Smoking & Cardiovascular Disease (Heart Disease)

Updated:Feb 17,2014
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Smoking and Cardiovascular Disease

Learn the Risks

Cigarette smoking is the most important preventable cause of premature death in the United States. It accounts for more than 440,000 of the more than 2.4 million annual deaths. Cigarette smokers have a higher risk of developing several chronic disorders. These include fatty buildups in arteries, several types of cancer and chronic obstructive pulmonary disease (lung problems). Atherosclerosis (buildup of fatty substances in the arteries) is a chief contributor to the high number of deaths from smoking. Many studies detail the evidence that cigarette smoking is a major cause of coronary heart disease, which leads to heart attack.

Cigarette smoking is the most important preventable cause of premature death in the United States. It accounts for more than 440,000 of the more than 2.4 million annual deaths. Cigarette smokers have a higher risk of developing several chronic disorders. These include fatty buildups in arteries, several types of cancer and chronic obstructive pulmonary disease (lung problems). Atherosclerosis (buildup of fatty substances in the arteries) is a chief contributor to the high number of deaths from smoking. Many studies detail the evidence that cigarette smoking is a major cause of coronary heart disease, which leads to heart attack.

Cigarette and tobacco smoke, high blood cholesterol, high blood pressure, physical inactivity, obesity and diabetes are the six major independent risk factors for coronary heart disease that you can modify or control.

Cigarette smoking is so widespread and significant as a risk factor that the Surgeon General has called it "the leading preventable cause of disease and deaths in the United States."

Cigarette smoking increases the risk of coronary heart disease by itself. When it acts with other factors, it greatly increases risk. Smoking increases blood pressure, decreases exercise tolerance and increases the tendency for blood to clot. Smoking also increases the risk of recurrent coronary heart disease after bypass surgery.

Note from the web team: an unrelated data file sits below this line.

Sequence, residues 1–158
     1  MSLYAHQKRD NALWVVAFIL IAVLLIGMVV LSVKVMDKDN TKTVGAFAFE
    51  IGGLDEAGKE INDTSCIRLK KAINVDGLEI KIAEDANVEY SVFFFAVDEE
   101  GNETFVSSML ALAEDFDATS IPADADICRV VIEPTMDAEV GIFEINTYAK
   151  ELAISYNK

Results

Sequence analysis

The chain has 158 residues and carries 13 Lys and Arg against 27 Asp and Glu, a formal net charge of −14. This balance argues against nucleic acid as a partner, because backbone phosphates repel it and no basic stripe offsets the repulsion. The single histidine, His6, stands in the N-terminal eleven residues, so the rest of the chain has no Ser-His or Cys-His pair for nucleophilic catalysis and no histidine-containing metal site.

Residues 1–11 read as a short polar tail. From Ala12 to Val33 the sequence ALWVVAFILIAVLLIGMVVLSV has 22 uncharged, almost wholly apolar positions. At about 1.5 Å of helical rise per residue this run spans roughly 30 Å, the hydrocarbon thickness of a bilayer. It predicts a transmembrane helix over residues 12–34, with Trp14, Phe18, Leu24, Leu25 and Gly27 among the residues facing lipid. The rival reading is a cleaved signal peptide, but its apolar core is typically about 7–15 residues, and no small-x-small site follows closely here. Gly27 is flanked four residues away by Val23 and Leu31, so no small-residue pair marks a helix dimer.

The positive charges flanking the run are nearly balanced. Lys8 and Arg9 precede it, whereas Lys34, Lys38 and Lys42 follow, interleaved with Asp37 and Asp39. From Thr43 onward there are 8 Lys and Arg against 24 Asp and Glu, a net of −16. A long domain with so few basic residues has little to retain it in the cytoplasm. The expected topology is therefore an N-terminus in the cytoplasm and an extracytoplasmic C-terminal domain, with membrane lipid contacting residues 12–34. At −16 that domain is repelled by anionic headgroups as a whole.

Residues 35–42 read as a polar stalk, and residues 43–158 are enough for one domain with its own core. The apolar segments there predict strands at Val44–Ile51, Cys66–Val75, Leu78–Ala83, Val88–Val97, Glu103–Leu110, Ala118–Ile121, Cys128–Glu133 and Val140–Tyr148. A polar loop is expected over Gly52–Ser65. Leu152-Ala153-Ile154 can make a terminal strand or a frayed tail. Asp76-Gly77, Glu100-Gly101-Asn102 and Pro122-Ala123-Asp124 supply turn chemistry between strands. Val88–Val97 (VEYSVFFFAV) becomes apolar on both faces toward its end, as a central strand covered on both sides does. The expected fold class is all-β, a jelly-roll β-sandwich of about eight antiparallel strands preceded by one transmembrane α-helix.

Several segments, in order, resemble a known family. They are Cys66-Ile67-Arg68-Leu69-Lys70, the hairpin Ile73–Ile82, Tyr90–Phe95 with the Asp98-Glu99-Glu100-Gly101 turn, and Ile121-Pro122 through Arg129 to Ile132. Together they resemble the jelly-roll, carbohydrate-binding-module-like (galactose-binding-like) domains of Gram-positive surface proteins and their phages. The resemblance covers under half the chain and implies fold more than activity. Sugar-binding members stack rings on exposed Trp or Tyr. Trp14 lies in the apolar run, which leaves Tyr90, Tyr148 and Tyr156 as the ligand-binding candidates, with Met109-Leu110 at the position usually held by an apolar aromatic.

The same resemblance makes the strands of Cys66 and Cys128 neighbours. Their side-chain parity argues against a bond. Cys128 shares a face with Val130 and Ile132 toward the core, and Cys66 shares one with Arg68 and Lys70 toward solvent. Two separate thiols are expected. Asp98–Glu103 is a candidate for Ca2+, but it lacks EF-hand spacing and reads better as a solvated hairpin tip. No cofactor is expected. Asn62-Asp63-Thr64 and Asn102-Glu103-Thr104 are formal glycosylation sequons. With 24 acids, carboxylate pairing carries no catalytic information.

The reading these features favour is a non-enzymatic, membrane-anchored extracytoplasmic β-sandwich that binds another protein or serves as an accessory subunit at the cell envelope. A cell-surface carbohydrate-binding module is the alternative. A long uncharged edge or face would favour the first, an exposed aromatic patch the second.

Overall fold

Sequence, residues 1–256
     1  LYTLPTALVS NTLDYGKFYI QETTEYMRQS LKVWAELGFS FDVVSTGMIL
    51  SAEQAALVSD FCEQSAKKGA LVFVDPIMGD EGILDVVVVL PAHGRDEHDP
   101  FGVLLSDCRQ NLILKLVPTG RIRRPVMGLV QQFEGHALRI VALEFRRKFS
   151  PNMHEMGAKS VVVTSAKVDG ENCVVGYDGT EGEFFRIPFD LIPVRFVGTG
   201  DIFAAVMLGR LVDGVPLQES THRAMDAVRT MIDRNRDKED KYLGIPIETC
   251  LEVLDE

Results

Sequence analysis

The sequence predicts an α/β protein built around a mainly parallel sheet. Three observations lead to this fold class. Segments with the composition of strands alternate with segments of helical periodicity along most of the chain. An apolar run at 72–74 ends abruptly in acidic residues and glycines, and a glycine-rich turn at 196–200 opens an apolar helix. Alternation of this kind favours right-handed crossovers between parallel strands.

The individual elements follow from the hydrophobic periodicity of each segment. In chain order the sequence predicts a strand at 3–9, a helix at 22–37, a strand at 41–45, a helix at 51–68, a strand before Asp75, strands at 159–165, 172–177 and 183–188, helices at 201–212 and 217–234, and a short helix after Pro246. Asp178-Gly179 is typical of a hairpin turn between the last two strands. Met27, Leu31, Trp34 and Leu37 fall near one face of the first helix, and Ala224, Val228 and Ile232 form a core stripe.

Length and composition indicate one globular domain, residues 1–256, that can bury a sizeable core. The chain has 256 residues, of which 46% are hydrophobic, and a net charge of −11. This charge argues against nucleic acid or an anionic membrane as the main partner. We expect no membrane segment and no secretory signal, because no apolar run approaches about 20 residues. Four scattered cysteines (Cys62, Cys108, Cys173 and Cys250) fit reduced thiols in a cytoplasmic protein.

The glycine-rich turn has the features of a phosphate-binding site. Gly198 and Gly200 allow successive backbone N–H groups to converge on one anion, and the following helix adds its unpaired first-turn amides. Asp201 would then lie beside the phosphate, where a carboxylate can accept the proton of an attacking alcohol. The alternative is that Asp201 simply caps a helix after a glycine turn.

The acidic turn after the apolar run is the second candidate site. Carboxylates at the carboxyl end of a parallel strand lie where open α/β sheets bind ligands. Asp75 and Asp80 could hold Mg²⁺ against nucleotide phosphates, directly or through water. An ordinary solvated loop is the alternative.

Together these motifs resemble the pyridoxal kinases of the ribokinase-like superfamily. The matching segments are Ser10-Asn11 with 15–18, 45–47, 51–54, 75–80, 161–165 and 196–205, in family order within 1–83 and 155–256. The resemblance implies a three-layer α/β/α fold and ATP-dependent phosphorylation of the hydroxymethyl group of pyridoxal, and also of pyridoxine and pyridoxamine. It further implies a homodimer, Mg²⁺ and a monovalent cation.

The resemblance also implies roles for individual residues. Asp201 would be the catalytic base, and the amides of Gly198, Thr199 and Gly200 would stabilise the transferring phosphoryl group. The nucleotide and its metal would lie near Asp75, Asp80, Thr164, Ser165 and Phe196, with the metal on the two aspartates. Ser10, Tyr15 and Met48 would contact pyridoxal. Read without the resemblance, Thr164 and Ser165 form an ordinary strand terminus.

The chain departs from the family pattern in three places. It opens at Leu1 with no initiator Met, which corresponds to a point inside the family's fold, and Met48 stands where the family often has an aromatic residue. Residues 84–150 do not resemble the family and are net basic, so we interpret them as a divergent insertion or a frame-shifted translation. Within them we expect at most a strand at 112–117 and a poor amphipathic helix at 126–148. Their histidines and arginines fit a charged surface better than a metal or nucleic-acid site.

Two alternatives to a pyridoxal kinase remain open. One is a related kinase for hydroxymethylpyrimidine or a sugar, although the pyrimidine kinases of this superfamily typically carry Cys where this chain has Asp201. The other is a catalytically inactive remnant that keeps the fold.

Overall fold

Cigarette smoking is the most important risk factor for young men and women. It produces a greater relative risk in persons under age 50 than in those over 50.

Women who smoke and use oral contraceptives greatly increase their risk of coronary heart disease and stroke compared with nonsmoking women who use oral contraceptives.

Smoking decreases HDL (good) cholesterol. Cigarette smoking combined with a family history of heart disease also seems to greatly increase the risk

Studies show that cigarette smoking is an important risk factor for stroke. Inhaling cigarette smoke produces several effects that damage the cerebrovascular system. Women who take oral contraceptives and smoke increase their risk of stroke many times. Smoking also creates a higher risk for peripheral arterial disease and aortic aneurysm.

People who smoke cigars or pipes seem to have a higher risk of death from coronary heart disease (and possibly stroke), but their risk isn't as great as that of cigarette smokers. This is probably because they're less likely to inhale the smoke. Currently there's very little scientific information on cigar and pipe smoking and cardiovascular disease, especially among young men, who represent the vast majority of cigar users.

The link between seconhand smoke (also called environmental tobacco smoke) and disease is well known, and the connection to cardiovascular-related disability and death is also clear. About 22,700 to 69,600 premature deaths from heart and blood vessel disease are caused by other people's smoke each year.

For decades the American Heart Association has been working to reduce the number of deaths that result from tobacco use. Thanks in part to the work of the American Heart Association, there is no smoking on airline flights, there are lifesaving automated external defibrillators in many public places, and many of us enjoy smokefree communities.

The American Heart Association is active in communities around the nation advocating for healthful policies that reduce tobacco use, especially among youth, and non-smokers’ exposure to secondhand smoke. Read more about how we are Reducing Tobacco-Related Deaths Through Advocacy.

Discover more about what the association is doing on the federal, state and local levels to curb tobacco use.

Your heart will thank you for quitting smoking, so don’t waste any time. The health benefits start almost immediately, and within a few years of quitting your risk of stroke and coronary artery disease are similar to non-smokers. We can help with resources and tools for the healthiest decision you will make – quitting smoking.

Don’t just stand on the sidelines – speak up and let your elected officials know you want to fight tobacco use! Join You’re the Cure, our advocacy network of people committed to reducing death and disability from heart disease and stroke, and a group passionate about tobacco control.



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